Ideas / Suggestions welcome :) - blueberry

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#1
Hello, I'm new here and relatively new to Bonsai as well. I have spent a lot of time (too much time :oops: ) researching and googling Bonsai and related topics. :eek:

Anyways, as seen in the picture below (not the best picture, sorry!), I managed to salvage this little wild blueberry bush (Vaccinium alaskaense I believe) from a job I was working at. I have seen several interesting Bonsais created from various types of blueberries online. The middle branch is about 10 inches tall, the left branch about six inches long and the right (dead wood) branch about six inches long and an inch thick.

What I would like is some advice / ideas for this little blueberry of mine. (First I plan to let it recover and grow for a season.). I know how to take care of blueberry bushes (both wild and domestic) and have a lot of experience what that. But when it comes to attempting to Bonsai it... that's where any and all advice would be welcome. :) (Heck, if you think I shouldn't even bother with this specimen, feel free to say so as well).

Sincerely BR,
Cheers. :)
 

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#5
I got some with nice trunks on my property but they got very tall stretching for sunlight so I would have to cut very low,I don't want to dig it up if it's gonna die
 

sorce

Nonsense Rascal
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#6
No problem!
Though I didn't realize you know BB already as a plant.

I think you already know but don't know that you know that you know wether or not that is a good start!

I would like to hear the story of why this plant is your first subject.
How did Bonsai come about?

I think you should keep it...grow it...
And see what you can do with it.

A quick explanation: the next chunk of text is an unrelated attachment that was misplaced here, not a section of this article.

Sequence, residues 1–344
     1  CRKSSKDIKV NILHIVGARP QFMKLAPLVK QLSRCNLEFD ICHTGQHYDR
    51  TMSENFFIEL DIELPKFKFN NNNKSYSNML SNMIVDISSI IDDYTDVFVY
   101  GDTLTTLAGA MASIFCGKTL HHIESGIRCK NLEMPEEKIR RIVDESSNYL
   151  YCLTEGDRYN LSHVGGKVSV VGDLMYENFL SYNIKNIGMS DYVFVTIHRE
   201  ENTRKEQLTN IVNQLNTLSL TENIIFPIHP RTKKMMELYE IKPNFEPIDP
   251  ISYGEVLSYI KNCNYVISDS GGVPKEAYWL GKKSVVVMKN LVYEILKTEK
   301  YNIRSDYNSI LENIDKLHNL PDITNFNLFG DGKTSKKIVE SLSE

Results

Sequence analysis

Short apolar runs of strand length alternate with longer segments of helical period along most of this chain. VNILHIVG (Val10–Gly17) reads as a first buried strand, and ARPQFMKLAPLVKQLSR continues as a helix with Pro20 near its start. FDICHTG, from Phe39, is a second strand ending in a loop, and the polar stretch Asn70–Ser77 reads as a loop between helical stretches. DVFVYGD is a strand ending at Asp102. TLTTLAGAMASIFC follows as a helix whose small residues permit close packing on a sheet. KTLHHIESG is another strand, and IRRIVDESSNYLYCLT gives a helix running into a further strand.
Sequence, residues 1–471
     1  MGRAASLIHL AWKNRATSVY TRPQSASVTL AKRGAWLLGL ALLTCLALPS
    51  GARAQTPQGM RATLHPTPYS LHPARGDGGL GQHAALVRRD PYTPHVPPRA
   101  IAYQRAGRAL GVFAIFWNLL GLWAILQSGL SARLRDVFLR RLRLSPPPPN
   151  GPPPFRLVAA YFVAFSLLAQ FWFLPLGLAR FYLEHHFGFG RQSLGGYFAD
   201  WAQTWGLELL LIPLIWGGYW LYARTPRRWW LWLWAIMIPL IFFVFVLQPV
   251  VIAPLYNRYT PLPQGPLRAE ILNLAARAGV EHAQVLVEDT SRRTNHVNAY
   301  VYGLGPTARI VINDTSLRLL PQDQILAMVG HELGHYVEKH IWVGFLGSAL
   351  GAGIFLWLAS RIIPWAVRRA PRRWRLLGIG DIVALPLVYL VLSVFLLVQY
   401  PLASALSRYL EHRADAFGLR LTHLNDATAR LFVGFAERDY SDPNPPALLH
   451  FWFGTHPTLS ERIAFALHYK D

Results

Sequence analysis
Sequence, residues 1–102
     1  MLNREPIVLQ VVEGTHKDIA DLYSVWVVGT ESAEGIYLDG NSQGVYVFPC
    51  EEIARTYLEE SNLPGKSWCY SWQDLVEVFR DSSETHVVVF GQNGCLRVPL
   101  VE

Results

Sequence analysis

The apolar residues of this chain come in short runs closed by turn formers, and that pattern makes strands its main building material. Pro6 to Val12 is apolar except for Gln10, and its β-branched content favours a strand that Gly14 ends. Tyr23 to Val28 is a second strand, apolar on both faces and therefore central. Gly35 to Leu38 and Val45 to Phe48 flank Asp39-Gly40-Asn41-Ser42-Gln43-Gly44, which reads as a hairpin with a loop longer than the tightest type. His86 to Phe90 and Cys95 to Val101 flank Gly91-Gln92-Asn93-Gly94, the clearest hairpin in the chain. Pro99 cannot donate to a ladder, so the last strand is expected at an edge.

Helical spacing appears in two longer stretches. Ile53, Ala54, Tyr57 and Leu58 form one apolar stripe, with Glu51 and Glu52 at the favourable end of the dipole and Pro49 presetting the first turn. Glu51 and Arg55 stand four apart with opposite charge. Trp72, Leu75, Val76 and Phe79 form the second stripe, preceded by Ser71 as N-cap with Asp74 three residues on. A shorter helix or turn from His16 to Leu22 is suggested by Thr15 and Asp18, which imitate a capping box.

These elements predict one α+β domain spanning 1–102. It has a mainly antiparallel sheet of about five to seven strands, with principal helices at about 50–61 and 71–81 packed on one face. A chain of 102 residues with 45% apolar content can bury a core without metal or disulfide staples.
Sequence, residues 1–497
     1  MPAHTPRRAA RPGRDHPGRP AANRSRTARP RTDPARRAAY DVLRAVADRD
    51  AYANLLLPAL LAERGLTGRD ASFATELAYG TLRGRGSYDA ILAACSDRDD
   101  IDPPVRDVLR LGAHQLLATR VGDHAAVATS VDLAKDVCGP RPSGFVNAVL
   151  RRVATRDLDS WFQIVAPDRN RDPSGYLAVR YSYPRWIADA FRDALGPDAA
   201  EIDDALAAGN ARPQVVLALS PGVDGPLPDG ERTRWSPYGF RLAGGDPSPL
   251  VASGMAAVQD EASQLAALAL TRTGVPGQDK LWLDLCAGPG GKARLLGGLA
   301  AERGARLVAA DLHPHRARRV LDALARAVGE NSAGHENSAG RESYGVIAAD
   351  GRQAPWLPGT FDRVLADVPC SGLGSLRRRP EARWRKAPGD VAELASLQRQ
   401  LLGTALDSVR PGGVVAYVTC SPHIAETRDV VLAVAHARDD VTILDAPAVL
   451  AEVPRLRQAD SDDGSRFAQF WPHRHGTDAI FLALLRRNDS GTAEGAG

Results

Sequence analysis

No matter what anyone thinks.

Possibly keeping the left and right trunks.
I like how those feel. (but I have my future vision goggles on)

The middle should go IMO.

Yeah...Thwark the Middle trunk....
And the Middle of the 3 left branches and wait!

Sorce
 
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#7
No problem!
Though I didn't realize you know BB already as a plant.

I think you already know but don't know that you know that you know wether or not that is a good start!

--> Took me a few reads to decipher this sentence. ;)

I would like to hear the story of why this plant is your first subject.
How did Bonsai come about?

--> I've liked bonsai for a while. I work with the "fake" (pseudo - bonsai ) at work a lot through my landscaping business. The ones people make out of junipers and cedars, etc, that have a few clumps on long stems, etc. Not "true" bonsai IMHO, but a similar idea. I've always wanted to try my hand at creating them.
--> As for this being my "first", that's not quiet true. I got several other plants I have "started / collected" around the same time as this one. A small Pacific Yew that came from a rooted branch with many 'odd' angles. Two small red dogwoods and two red alders that came from the side of an old logging road that i'm just using to "practice" things on (since they both grow like weeds). And a small birch stump that has a few 'shoots' coming out of it, and a lot of deadwood thats still nice n solid to work with.
--> But all that being said, blueberries are one of my favourite plants (and not just for the berries :cool:


I think you should keep it...grow it...
And see what you can do with it.
No matter what anyone thinks.

--> Will do.:p

Possibly keeping the left and right trunks.
I like how those feel. (but I have my future vision goggles on)

The middle should go IMO.

Yeah...Thwark the Middle trunk....
And the Middle of the 3 left branches and wait!

--> Feel free to explain your "future vision" in far more detail. I am intrigued. :cool:

Sorce
My replies in BOLD above..
Thanks for the reply and ideas.
 

sorce

Nonsense Rascal
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#8
'Feel free to explain your "future vision" in far more detail. I am intrigued.'

Well shit....

Don't scrap the Middle trunk...
Scrap the left one. Oops.

Ahh All Bold. Like A1 Bold.

So you already know...don't make decisions too fast!

Ah....
This is bad.
aviary-image-1481593056848.jpeg

I think it will have to grow much bigger to make sense....or work.

Sorce


 
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#9
I like the vision, only problem is the trunk on the far right is dead (99.9% certain) so it won't be budding out... that being said I will let it grow for the coming summer and see what happens to it / see what other ideas others throw out. XD Thanks for the reply.
 
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#10